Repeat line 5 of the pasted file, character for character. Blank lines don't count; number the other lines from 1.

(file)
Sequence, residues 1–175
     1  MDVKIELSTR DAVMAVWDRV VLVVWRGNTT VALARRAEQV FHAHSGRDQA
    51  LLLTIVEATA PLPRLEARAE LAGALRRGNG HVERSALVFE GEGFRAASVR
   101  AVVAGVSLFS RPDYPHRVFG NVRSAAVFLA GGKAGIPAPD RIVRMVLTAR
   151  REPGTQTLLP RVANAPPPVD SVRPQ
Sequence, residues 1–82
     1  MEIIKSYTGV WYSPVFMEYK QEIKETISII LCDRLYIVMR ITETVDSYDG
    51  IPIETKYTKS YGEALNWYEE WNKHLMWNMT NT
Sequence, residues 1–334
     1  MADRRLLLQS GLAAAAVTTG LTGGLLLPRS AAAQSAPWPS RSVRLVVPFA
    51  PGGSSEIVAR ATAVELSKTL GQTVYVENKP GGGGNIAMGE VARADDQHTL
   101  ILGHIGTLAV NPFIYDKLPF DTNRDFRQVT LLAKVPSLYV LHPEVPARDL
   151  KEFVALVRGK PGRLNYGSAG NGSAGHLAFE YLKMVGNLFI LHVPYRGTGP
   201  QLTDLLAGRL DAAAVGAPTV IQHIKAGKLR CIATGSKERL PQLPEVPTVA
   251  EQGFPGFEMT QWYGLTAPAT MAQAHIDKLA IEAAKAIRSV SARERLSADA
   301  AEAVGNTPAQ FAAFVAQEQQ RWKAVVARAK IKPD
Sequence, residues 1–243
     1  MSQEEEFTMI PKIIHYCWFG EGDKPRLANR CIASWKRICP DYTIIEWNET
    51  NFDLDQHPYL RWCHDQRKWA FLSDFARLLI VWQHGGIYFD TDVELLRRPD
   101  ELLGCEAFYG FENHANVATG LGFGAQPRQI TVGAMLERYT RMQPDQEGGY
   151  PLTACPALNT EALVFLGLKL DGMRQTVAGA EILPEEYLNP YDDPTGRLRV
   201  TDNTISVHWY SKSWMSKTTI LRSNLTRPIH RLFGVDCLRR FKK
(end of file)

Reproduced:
   151  REPGTQTLLP RVANAPPPVD SVRPQ